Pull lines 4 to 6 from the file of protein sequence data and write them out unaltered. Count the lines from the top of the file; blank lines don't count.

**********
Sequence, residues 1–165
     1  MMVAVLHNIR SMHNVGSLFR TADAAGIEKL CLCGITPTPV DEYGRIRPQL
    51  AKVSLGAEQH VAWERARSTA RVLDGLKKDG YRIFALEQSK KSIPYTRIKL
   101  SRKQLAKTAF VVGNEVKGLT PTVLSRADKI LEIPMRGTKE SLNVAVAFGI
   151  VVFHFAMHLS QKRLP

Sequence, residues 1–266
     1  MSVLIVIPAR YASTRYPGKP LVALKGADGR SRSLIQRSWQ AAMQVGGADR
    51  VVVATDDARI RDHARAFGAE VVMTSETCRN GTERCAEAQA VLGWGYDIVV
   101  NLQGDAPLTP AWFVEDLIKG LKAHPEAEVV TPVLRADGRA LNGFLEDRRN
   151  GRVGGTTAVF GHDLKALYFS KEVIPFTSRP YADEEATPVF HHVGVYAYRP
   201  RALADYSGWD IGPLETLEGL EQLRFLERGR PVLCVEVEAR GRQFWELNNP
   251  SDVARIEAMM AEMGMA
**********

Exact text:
   101  SRKQLAKTAF VVGNEVKGLT PTVLSRADKI LEIPMRGTKE SLNVAVAFGI
   151  VVFHFAMHLS QKRLP

Sequence, residues 1–266